Closing out the second and final day of Florida Groves was Thievery Corporation, which is a truly genre-defying band. Priding themselves on their founding principles of being D.I.Y. and inclusive, leading them to respectfully incorporate international cultural styles that transcend genres and time into a truly unique body of work. A blend of influences and sounds form varying influences is a pinnacle part of the foundation of reggae rock in the U.S. and Thievery Corporation takes the idea of blending influences to a tactful extreme. The high-energy live performance from Thievery Corporation takes you on a musical journey. With their blend of sounds and diverse array of vocalists, this is ideal way to end a music-filled weekend.
Florida Groves delivered so much more than just being a weed-friendly music festival; it celebrated a lot of different communities and artistic pursuits in a multitude of different ways. On the artistic front, there was a myriad of purveyors showcasing their wares and talents. Vendors were scattered throughout the festival grounds, offering everything from handmade art to furry festival apparel. A unique addition to this festival, however, was the glass blowing tent; this area featured artists who were displaying their talents through creating glass pieces live, seemingly effortlessly, while offering a wide array of items of varying styles and complexity for sale. On a different end of the artistic spectrum, many people had the opportunity to commemorate the weekend with fresh ink at the onsite tattoo convention. Over a dozen different artists set up shop for the weekend, seeing a steady stream of customers ready for some new ink, as well as casual visitors piqued with curiosity.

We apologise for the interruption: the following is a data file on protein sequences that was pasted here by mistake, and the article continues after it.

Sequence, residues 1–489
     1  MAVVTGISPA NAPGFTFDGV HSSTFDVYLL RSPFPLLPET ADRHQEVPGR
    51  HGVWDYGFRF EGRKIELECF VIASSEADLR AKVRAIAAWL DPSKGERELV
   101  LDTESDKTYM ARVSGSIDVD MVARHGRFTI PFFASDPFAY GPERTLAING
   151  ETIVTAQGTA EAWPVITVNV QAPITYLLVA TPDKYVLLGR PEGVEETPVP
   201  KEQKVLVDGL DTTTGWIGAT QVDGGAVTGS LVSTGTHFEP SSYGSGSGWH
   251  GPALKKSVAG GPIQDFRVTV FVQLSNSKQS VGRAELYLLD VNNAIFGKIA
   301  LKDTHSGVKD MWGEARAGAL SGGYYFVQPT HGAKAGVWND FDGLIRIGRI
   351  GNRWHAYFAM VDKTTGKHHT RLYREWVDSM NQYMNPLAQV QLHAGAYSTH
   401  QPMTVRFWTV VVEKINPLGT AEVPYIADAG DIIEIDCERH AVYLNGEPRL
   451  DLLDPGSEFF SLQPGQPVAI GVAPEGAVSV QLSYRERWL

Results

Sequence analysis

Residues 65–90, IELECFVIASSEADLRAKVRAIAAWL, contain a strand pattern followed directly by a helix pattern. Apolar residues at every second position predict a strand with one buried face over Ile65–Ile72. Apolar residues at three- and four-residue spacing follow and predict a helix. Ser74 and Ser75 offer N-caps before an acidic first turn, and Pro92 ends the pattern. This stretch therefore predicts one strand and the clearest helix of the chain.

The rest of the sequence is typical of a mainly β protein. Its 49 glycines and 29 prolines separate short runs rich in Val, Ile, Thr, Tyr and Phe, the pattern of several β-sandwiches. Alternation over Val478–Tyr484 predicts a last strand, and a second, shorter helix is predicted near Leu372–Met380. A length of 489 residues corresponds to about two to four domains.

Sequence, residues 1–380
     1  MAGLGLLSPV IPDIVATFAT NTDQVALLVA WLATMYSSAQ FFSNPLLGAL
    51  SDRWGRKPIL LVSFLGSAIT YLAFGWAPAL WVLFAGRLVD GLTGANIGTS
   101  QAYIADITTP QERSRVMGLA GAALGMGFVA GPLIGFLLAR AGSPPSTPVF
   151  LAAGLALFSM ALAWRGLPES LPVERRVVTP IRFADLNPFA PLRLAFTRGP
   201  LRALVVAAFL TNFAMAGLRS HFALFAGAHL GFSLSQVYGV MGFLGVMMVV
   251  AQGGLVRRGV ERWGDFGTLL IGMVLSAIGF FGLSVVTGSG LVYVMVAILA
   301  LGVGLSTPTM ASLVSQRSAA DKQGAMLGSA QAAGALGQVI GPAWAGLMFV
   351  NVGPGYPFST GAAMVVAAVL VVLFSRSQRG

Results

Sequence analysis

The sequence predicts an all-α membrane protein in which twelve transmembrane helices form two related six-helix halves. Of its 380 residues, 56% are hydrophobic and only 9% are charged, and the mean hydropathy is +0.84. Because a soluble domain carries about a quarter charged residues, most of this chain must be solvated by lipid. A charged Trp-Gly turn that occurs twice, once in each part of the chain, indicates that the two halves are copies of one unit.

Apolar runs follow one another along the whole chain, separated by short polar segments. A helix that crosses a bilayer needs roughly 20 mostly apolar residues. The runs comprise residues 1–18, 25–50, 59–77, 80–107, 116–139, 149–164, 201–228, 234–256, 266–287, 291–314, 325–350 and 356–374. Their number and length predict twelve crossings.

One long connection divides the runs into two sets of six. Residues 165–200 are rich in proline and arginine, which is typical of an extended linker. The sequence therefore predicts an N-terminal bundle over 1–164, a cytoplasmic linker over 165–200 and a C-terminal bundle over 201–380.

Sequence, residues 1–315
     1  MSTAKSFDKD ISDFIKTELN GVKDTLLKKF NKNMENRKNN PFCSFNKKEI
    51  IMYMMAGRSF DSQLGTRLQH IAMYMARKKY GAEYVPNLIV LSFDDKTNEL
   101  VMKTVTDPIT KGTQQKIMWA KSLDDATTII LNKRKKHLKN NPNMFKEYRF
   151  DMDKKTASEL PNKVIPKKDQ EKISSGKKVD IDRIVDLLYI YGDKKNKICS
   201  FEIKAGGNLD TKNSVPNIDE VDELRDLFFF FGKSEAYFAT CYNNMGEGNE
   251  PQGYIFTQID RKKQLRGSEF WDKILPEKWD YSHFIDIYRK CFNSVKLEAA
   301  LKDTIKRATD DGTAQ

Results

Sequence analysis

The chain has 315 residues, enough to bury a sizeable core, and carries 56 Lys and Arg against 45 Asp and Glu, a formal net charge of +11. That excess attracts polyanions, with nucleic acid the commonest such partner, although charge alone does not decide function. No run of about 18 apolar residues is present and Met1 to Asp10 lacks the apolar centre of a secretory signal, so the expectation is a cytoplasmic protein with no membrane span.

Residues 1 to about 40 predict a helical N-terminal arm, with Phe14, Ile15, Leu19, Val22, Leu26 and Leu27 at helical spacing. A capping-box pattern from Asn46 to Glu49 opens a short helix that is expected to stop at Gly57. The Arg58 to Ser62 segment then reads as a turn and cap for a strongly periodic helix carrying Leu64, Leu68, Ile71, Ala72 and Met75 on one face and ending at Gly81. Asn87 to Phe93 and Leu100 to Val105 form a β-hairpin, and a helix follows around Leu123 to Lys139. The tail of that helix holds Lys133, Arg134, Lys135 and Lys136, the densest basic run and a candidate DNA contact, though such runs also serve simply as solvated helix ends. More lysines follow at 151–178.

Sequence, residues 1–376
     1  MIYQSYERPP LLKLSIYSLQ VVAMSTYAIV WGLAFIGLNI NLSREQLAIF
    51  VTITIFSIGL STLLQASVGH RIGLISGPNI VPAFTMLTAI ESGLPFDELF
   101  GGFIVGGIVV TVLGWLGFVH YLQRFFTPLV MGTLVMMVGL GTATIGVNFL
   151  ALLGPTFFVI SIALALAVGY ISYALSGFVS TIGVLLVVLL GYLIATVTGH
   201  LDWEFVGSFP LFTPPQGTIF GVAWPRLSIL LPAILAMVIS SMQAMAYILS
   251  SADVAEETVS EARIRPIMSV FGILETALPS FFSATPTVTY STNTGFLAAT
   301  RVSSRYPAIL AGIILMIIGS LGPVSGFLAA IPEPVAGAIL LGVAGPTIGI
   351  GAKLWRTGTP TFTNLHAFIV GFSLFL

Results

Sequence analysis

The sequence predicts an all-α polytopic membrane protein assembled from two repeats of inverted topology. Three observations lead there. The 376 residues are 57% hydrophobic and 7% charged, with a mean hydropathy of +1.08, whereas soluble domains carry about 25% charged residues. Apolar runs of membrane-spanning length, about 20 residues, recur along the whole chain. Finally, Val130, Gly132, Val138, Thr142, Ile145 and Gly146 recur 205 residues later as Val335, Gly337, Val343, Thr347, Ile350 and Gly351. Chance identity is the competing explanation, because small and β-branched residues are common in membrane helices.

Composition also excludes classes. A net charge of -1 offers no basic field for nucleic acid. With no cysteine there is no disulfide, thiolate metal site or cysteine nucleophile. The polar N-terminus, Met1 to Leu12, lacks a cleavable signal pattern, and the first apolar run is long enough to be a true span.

With marijuana as a focal point, the cannabis convention had a lot to offer in terms of products, education, and just overall vibes.
Conventions and trade shows are common events for those who work within the cannabis industry or other adjacent industries, but this provided an opportunity for others to get a glimpse of some innovations and new products. Again, education and vibes. Also ensuring that there is a little something for everyone, a sneaker convention also joined the roster of activities, likely a draw for sneakerheads in attendance and also a sneak peek into this community for those who weren’t privy to how hot the demand for some shoes can run.
Between the music, conventions, art, the skateboarding (did we fail to mention there was a halfpipe in the center of the festival grounds?!), Florida Groves offers an elevated experience for festival-goers looking for something a little different, new, and engaging. Hopefully attendees left with great memories from their favorite bands’ sets, new artists and tunes in their streaming rotation, and some knowledge or art — whether on their body or just in their possession — that they didn’t come into the weekend possessing. Hopefully Florida Groves grows into a staple for the Central Florida reggae rock and cannabis communities, and continues to be such a synergistic event.
Recap by Jessica Shvarts; photography by Brian “Porkchop” Nicholson